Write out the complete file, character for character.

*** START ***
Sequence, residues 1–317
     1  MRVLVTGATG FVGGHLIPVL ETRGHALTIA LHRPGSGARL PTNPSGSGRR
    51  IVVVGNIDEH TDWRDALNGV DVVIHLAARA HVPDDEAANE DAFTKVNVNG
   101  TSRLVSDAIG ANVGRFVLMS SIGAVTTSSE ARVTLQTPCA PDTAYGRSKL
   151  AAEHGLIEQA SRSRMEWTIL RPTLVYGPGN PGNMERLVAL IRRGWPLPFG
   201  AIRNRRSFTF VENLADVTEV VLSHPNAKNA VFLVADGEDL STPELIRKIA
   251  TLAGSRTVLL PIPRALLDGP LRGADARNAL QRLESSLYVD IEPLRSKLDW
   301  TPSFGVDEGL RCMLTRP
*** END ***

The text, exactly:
Sequence, residues 1–317
     1  MRVLVTGATG FVGGHLIPVL ETRGHALTIA LHRPGSGARL PTNPSGSGRR
    51  IVVVGNIDEH TDWRDALNGV DVVIHLAARA HVPDDEAANE DAFTKVNVNG
   101  TSRLVSDAIG ANVGRFVLMS SIGAVTTSSE ARVTLQTPCA PDTAYGRSKL
   151  AAEHGLIEQA SRSRMEWTIL RPTLVYGPGN PGNMERLVAL IRRGWPLPFG
   201  AIRNRRSFTF VENLADVTEV VLSHPNAKNA VFLVADGEDL STPELIRKIA
   251  TLAGSRTVLL PIPRALLDGP LRGADARNAL QRLESSLYVD IEPLRSKLDW
   301  TPSFGVDEGL RCMLTRP